Teach English in Romania

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How many people can say they’ve been to Romania, let alone lived there? Well here’s your chance! Romania is one of the fastest growing nations for people learning English as a second language.

Take the opportunity to visit the country whose history has inspired characters such as Dracula. The famous Transylvanian countryside, spotted with medieval castles, competes for the attention with the thriving capital, Bucharest, which is full of museums and famous architecture. Whichever location you decide on in Romania, you will never be disappointed with the stunning surroundings.

There are many types of teaching jobs available in Romania and availabilities will vary depending on the location. In more rural communities, there are public and private schools, with very few language or international schools. In the capital of Bucharest, there will be many of each of these schools, as well as prospects for private tutoring.

Public Schools:

At a public school, the students range from primary school through high school with corresponding skill levels. It may be difficult to find a job at a public school if you are not a European citizen. Romania is not part of the EU, but it is more likely schools will hire a EU citizen at a public school. That is not to say it’s an impossible task – you just might need above average credentials. If you really want to work with younger students, private schools are a great option and will be much more likely to hire a non-European citizen. This also works in your favor since private schools are likely to pay a little more.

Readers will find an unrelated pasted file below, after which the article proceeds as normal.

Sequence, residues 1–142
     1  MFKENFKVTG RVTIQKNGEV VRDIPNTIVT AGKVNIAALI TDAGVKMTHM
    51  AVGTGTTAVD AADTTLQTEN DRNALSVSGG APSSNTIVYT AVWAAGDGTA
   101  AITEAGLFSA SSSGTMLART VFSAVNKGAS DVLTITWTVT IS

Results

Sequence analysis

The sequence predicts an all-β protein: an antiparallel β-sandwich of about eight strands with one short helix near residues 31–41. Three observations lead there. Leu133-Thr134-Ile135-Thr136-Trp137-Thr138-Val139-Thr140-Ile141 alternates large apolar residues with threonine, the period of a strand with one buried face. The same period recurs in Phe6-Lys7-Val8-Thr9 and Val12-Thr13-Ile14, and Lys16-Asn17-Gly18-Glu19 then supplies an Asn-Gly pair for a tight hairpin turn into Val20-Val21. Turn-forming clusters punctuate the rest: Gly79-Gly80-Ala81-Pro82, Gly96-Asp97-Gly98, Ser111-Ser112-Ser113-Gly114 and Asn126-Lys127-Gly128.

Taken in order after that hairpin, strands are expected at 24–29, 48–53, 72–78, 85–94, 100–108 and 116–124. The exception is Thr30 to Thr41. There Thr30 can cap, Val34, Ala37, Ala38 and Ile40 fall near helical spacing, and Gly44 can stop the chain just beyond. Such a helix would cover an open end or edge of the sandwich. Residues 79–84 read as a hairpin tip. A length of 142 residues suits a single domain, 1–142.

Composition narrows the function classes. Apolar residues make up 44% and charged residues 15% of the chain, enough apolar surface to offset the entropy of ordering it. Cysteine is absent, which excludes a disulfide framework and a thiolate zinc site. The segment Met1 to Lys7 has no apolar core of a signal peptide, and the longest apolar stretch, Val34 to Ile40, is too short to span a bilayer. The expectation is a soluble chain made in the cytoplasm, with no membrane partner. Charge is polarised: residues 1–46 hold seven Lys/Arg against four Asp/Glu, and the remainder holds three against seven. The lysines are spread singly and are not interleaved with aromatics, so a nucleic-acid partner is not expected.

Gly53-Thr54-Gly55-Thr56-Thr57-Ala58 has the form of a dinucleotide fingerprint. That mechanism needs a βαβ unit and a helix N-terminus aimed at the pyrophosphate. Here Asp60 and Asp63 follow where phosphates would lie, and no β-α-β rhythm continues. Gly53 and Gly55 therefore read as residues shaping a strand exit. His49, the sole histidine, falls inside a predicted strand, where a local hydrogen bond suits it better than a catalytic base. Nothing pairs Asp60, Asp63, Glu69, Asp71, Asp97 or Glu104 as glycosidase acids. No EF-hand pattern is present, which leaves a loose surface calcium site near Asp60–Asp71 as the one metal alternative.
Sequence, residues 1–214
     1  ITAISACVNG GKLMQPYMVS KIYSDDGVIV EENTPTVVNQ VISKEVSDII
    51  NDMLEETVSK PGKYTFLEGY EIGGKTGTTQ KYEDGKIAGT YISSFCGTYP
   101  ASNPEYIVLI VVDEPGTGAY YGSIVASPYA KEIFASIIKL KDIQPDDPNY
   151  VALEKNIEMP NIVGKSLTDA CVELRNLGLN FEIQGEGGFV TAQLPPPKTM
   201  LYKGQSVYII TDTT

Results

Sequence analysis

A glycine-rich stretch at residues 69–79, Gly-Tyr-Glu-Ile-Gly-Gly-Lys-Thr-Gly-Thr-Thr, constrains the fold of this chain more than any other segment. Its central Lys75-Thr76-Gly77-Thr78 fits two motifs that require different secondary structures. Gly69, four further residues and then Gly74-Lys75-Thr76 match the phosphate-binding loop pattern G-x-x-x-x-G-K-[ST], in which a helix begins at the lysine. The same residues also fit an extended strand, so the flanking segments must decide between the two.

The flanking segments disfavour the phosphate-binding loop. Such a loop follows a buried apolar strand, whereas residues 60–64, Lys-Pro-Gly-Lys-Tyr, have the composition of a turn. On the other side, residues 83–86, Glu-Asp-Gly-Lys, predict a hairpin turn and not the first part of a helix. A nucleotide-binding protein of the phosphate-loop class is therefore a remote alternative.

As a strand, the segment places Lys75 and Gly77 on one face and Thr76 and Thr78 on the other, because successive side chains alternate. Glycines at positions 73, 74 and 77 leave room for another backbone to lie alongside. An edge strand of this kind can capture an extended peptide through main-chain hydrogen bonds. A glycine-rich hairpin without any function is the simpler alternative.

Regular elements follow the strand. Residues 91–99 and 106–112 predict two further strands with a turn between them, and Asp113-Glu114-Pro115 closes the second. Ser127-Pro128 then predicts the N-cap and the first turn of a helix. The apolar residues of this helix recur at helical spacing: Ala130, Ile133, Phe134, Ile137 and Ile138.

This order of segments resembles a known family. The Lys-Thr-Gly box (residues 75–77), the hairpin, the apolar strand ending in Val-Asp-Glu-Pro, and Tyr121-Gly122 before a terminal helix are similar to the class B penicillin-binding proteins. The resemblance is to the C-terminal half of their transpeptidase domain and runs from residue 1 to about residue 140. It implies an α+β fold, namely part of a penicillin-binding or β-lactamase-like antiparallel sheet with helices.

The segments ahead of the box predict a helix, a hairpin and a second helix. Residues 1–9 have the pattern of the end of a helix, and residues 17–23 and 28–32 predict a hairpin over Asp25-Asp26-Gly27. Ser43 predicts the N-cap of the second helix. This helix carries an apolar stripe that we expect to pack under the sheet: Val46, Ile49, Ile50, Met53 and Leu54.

Private Language Academies/Schools:

Language schools and international institutes are another great bet. Most students are adults, primarily businessmen (working in the local or the international market) and college students. At many language schools, the focus is on conversational English. To supplement your regular income, you can also give private lessons. These students are at a similar skill level to those at the language schools.

When and Where to Look for Jobs:

The best times to look for jobs are during the months of September and January, at the start of each semester. Things might open up in the preceding months, so you can send out your resume early, but September and January are the peak months for hiring.

Qualifications:

To teach English in Romania, you must be a native English speaker, hold a bachelor’s degree, and be TEFL certified. Occasionally the first two are negotiable (though not that common), however TEFL training is always required.

Salary & Cost of Living:

Your salary will really depend on where you work and also a bit on your credentials. Private schools pay pretty well, but the language schools and international schools/colleges pay the most. The average salary for a teacher is about 1100 RON ($325) per month, but salaries have been known to go as high as 2500 RON, which comes to about $750 USD. That may not sound like much, but 1100 RON can buy a fair amount in Romania. Some teaching contracts will even include free housing, which will cut out your biggest expense.